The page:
Nine year-old Ezra LePage-Linch furrowed his brow as he sized up potential customers walking by.
On display, ready to sell, were a number of his homemade, hand-painted dinosaur trinkets: dinosaurs ornaments, dinosaur bookends and yes — an ultra-rare, one-of-a-kind dinosaur candle.
LePage-Linch and his classmates at the Lupine Experiential School in Vancouver held their annual holiday market at the Vancouver Vineyard Church, at which students sell homemade goods and art as the culminating event of their economics unit.
Students donate at least half of their earnings to charity organizations that they had chosen earlier in the year.
This year, which was the third edition of the Lupine market, students chose Opal Creek Ancient Forest Center and Portland-based Family Dogs New Life Shelter as destinations for the event’s proceeds. The Lupine Experiential School was founded in 2019 by Jackie Taylor, who also works as a teacher and helped coordinate the market.
Seventh-grader Roman Ferguson, 13, displayed his collection of rock magnets, which were hand-decorated with googly eyes, Santa hats and other holiday accoutrements.
Fourth-grader Jad Eid, 9, was selling his own art: huge drawings inspired by technology and his favorite mobile games like Geometry Dash, all done by hand with pencil and colored markers.
“I feel like using paint was a bit too easy,” Eid said, laughing.
Other students sold baked goods, custom clothing, hand soaps and non-dinosaur candles as proud parents looked on.
The economics unit leading up to the event taught Lupine students in grades K through eight everything from coin values, bartering and trading to more advanced concepts like understanding the stock market and developing naming strategies for businesses.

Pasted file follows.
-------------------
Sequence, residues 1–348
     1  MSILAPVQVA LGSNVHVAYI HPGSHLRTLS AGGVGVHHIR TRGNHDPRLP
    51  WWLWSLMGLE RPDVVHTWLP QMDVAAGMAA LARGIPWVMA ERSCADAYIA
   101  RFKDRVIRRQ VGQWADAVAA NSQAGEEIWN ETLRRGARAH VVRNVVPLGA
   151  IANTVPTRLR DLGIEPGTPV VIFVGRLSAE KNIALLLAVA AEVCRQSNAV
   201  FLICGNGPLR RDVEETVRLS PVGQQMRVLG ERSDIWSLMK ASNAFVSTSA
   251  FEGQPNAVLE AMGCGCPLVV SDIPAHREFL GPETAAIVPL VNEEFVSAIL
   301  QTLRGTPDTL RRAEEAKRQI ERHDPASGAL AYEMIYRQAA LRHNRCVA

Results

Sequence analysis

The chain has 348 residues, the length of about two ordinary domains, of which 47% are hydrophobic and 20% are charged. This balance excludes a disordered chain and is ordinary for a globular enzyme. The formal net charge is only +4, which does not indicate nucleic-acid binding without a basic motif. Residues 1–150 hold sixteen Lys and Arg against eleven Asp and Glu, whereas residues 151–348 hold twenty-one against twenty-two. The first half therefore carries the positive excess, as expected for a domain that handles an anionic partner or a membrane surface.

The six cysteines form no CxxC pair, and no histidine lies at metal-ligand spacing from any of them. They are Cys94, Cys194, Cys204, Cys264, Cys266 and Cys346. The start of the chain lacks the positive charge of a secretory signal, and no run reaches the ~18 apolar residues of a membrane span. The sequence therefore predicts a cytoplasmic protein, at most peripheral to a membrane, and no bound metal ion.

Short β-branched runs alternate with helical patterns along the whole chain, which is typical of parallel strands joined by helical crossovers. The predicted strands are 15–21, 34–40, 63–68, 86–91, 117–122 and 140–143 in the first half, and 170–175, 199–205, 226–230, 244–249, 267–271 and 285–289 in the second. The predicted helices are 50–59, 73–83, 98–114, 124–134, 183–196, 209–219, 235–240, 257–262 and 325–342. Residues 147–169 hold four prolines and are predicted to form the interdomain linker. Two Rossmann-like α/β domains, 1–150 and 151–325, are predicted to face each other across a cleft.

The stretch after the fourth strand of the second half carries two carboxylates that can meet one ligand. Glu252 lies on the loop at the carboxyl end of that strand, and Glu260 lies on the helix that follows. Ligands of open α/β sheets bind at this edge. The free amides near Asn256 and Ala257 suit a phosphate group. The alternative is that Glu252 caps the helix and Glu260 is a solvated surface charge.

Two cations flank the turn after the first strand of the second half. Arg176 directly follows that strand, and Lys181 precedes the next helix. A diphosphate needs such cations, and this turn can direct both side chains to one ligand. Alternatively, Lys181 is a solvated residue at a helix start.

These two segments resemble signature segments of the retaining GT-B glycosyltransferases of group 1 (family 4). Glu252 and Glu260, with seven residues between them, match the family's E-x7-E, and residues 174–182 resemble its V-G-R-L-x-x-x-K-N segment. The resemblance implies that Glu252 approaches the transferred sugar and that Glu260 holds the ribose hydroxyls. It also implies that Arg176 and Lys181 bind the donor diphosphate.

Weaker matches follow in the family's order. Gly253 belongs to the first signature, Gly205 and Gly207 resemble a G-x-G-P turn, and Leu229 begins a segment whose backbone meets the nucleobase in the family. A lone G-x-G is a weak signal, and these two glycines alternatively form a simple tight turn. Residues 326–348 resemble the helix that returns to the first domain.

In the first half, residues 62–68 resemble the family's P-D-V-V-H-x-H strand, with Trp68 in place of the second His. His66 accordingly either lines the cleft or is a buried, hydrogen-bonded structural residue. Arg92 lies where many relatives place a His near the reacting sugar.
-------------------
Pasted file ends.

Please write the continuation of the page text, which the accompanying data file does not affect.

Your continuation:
“This is what all students do to apply their learning,” Taylor said. “They do the creation of the projects at home, but other design and art ideas are happening in the classroom. There’s a real blending of learning at school and working creatively at home.”
LePage-Linch, who has participated in the market each year since the school’s foundation, said he was particularly passionate about this year’s charities because he loves both trees and animals.
“I feel good that we are supporting the charities, and I love learning about what other kids are selling,” he said.
Megan Selvig, Opal Creek’s program coordinator, said she only found out about the market a few days ago and is elated to have developed such a partnership. The organization helps to protect the Opal Creek wilderness and the Jawbone Flats in central Oregon, an area that was burned in last year’s Beachie Creek fire.
Selvig heard of the event from parents of students who had visited the site when they were younger.
“It’s so creative, not just the economic learning part of it but jut the teaching students about charitable giving at a young age,” Selvig said. “We get a lot of donors, but this one really means the most. It’s inspiring.”